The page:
Photo illustration by Melisa Goh/NPR
The Quake-Catcher Network application runs silently in the background of your laptop, collecting data from the computer's accelerometer.
The Quake-Catcher Network application runs silently in the background of your laptop, collecting data from the computer's accelerometer. Photo illustration by Melisa Goh/NPR
By downloading a free program, you and your laptop could help researchers pinpoint earthquakes and even sound an early warning to surrounding areas.
Newer models of laptops manufactured by companies like Apple and Lenovo contain accelerometers — motion sensors meant to detect whether the computer has been dropped. If the computer falls, the hard drive will automatically switch off to protect the user's data.
"As soon as I knew there were these low-cost sensors inside these accelerometers, I thought it would be perfect to use them to network together and actually record earthquakes," says geoscientist Elizabeth Cochran of the University of California, Riverside.
So a few years ago, Cochran got in touch with Jesse Lawrence, a colleague at Stanford. They whipped up a program called the Quake-Catcher Network. It's a free download that runs silently in the background, collecting data from the computer's accelerometer and waiting to detect an earthquake.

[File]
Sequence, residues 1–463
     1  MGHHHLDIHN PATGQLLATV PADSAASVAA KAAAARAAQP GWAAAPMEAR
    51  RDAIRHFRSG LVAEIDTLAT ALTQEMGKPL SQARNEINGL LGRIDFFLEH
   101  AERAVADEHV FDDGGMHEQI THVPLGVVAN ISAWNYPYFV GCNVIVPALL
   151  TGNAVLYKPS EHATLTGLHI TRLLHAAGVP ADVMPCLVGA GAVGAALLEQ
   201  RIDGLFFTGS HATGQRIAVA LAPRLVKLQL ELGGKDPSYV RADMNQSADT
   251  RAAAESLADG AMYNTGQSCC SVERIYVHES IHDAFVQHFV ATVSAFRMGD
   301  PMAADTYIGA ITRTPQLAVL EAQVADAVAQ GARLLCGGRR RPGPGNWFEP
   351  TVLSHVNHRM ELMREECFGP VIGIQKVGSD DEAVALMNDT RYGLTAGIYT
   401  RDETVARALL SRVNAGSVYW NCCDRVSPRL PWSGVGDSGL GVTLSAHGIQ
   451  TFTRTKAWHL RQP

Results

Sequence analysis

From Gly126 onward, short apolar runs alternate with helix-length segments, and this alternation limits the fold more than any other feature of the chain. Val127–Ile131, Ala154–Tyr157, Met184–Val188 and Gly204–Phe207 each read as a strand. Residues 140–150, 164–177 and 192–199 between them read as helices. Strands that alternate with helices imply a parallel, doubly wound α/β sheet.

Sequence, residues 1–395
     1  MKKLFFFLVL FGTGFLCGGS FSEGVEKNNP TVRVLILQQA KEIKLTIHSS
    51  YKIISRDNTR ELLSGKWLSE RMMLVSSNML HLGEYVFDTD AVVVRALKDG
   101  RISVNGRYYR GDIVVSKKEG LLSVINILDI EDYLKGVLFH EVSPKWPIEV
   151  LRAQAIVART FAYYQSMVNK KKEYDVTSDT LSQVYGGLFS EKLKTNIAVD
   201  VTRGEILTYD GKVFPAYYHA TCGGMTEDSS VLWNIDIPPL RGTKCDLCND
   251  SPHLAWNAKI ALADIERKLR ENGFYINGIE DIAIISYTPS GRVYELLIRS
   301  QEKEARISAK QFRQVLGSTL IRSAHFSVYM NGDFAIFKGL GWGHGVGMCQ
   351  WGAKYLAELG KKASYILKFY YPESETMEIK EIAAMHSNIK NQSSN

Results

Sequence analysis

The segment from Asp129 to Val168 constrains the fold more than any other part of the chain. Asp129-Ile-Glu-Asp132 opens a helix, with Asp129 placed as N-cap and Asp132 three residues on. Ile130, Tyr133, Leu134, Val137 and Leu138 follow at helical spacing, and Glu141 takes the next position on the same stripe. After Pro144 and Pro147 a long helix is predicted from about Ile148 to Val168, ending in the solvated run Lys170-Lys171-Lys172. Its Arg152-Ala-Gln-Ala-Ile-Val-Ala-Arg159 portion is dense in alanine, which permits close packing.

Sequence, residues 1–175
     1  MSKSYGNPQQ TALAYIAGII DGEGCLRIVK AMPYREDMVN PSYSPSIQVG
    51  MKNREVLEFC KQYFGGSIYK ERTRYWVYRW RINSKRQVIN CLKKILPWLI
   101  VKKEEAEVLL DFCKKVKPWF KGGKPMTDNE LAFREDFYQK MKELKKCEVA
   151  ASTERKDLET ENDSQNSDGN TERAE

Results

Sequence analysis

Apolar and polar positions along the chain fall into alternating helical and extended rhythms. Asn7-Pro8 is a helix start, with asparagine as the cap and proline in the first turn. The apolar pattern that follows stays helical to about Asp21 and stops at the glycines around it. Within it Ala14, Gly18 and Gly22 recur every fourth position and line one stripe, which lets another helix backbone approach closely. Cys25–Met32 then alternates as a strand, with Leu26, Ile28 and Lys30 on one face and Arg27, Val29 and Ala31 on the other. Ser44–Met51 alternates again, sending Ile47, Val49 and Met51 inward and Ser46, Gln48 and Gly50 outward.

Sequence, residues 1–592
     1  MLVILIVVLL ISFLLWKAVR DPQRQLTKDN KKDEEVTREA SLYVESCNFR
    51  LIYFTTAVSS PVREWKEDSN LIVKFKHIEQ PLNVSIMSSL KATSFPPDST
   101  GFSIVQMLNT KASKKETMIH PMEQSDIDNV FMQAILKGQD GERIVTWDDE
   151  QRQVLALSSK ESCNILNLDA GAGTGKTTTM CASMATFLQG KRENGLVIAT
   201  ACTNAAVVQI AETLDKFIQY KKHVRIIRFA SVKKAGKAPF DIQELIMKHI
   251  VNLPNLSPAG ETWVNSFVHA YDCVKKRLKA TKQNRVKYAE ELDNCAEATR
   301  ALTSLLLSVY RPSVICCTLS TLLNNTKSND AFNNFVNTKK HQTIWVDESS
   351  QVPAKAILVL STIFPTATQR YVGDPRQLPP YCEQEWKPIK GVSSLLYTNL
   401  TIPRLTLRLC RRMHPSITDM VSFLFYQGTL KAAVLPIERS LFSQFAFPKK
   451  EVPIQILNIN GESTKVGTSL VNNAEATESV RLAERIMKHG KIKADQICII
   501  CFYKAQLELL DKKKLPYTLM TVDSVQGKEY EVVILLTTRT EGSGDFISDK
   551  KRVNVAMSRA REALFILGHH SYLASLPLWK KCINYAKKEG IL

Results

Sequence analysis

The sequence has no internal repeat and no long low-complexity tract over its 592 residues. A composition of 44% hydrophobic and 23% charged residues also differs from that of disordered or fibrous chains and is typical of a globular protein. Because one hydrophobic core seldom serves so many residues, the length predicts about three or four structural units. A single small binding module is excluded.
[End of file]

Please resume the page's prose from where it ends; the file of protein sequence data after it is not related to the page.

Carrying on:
Laptop accelerometers aren't as sensitive as professional-grade seismometers, so they can only pick up tremors of about magnitude 4.0 and above. But when a laptop does sense a tremor, it'll ping the researchers' server. "And when our server receives a bunch of those, we then say, 'This is a likely earthquake,' " Lawrence says.
Up until now, scientists have been hampered by the lack of enough sensors around the world to monitor and record earthquake data. Cochran and Lawrence hope their application will help build a network of earthquake sensors thousands of laptops strong.
Right now, only about a thousand people across the world have the software installed on their computers. The goal is to grow that number to 10,000 in California alone. They're beefing up the numbers by making external USB-connected accelerometers available to people who don't have them built in to their computers — and installing those in schools as part of an educational program.
With more monitoring stations, Lawrence says he'll be able to gather a finer idea of how exactly earthquakes unfold. And there are other benefits.
"If you can detect an event fast enough, then you can potentially provide advance alert to surrounding areas, and those areas could react in several seconds and get to safety," he says.